by Jonathan Rosenblum
May 3, 2013
In preparation for Yom Yerushalayim, I've just finished The Battle for Jerusalem: An Unintended Conquest
by long-time Jerusalem Post reporter Abraham Rabinovich. (The book is an expanded e-book version of his 1972 classic.) Rabinovich interviewed over 300 combatants in the battle, and it shows. No one captures the experience of war from the fighters' perspective better than Rabinovich.
While reading The Battle for Jerusalem, it struck me that Israel's need to constantly defend itself against threats to its very existence from 1948 to the present, has prevented the most basic human instinct – the instinct for self-preservation – from atrophying here to the degree it has throughout the West.
Retiring Yale classicist Donald Kagan, 80, expressed concern in his valedictory interview with the Wall Street Journal's Matthew Kaminski that the delicate flower of democracy is threatened today. He laments the development of a culture that "makes it difficult for us [i.e., the West] to behave rationally when the rational thing is to be tough." He sums up the basic lesson of growing up in the tough Brownsville neighborhood of Brooklyn: "If you don't want trouble with someone be sure he has something to be scared of."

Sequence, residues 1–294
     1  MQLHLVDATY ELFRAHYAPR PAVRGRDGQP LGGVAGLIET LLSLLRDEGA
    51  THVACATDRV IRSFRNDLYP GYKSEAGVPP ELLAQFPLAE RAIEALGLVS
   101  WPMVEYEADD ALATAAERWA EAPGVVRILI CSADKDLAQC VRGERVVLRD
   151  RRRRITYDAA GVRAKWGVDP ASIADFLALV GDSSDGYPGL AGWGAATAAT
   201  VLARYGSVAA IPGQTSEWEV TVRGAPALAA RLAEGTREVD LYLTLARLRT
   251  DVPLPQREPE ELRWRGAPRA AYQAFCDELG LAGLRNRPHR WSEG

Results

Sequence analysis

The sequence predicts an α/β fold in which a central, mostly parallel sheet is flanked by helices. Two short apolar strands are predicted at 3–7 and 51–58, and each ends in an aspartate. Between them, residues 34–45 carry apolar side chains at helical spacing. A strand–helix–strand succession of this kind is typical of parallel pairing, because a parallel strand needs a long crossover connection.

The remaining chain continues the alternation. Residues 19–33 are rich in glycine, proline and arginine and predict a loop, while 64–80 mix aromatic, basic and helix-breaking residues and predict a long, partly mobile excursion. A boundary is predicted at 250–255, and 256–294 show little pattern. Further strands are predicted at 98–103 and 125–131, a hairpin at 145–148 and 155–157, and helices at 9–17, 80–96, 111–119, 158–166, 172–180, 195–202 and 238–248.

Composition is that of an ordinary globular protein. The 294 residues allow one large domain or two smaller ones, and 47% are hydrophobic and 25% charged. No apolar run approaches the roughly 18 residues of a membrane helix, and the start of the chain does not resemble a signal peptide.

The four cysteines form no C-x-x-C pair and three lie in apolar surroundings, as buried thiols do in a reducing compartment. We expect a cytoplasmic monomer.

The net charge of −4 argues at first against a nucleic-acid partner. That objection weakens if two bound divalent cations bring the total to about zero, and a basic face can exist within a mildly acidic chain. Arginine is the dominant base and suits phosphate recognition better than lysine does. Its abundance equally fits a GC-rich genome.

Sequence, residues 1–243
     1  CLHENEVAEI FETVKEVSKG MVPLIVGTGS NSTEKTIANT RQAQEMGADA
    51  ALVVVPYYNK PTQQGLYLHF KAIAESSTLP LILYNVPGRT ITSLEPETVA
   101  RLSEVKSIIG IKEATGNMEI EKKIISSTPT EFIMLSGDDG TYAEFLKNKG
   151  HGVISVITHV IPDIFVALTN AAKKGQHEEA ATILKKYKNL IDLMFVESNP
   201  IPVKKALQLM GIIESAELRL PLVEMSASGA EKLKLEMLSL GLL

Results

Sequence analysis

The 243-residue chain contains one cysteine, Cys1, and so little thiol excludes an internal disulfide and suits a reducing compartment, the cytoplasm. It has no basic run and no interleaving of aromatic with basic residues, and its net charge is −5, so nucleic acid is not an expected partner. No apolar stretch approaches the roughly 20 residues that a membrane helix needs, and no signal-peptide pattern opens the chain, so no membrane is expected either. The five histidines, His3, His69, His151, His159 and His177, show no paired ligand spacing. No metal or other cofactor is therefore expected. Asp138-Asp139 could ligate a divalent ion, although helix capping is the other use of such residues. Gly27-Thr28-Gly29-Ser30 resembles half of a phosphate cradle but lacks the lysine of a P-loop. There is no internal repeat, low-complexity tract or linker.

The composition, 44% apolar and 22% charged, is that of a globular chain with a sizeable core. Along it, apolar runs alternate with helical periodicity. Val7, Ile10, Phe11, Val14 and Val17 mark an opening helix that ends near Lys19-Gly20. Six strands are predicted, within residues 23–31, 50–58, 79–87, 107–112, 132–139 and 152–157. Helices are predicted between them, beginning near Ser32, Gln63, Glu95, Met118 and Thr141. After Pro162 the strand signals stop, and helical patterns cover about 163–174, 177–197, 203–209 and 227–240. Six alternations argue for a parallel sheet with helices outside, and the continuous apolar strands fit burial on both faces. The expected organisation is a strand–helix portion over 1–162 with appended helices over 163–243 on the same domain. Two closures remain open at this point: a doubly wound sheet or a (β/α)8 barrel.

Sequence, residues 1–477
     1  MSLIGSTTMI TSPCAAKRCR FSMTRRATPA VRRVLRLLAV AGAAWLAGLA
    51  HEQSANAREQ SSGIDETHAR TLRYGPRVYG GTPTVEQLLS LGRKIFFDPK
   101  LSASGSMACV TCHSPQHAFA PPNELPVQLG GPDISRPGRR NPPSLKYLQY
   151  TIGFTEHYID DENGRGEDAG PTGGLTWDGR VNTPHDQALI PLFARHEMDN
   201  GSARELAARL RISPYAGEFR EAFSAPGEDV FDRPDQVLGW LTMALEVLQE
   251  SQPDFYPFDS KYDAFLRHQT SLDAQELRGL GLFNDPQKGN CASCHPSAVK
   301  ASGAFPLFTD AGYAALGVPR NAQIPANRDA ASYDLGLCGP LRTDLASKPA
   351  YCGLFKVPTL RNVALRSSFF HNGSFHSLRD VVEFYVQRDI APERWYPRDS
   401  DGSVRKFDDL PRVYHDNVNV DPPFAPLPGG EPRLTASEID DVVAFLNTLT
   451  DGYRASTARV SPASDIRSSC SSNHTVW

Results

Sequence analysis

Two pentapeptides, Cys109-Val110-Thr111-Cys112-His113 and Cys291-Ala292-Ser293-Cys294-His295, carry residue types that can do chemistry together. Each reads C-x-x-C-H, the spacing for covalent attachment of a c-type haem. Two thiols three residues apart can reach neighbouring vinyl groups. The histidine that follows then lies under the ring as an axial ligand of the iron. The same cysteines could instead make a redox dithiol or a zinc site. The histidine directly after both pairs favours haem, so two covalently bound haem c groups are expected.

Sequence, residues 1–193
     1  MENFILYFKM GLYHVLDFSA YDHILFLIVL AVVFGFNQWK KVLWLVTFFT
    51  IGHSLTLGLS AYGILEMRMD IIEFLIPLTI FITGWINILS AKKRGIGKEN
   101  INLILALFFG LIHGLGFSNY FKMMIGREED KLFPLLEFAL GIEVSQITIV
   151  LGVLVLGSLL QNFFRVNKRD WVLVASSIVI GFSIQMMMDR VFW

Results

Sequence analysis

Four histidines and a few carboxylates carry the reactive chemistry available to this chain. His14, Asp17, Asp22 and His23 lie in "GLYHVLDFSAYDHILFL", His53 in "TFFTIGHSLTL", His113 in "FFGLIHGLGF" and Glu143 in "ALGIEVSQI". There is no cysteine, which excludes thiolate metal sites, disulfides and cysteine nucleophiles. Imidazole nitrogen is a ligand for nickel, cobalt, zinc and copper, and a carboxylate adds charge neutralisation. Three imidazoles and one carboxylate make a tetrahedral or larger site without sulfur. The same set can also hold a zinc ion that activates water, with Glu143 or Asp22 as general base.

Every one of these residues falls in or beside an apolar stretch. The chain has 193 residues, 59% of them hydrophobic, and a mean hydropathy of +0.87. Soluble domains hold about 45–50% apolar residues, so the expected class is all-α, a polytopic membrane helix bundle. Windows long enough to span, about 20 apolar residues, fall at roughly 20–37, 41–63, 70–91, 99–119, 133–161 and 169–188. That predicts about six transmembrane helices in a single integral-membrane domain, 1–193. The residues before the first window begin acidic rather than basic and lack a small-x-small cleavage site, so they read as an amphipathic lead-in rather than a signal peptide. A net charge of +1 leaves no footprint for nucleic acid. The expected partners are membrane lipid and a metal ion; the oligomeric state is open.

Kagan attributes the West's failure to absorb that lesson to culture and a lack of political leadership. Democracy, he argues, requires free, autonomous, and self-reliant population, and they are in increasingly short supply in an America of office workers and disability recipients.
Israelis, however, have been forced to be tough for wont of choice. And the experience of war has developed the qualities Kagan considers fundamental for democracy and the capacity for leadership.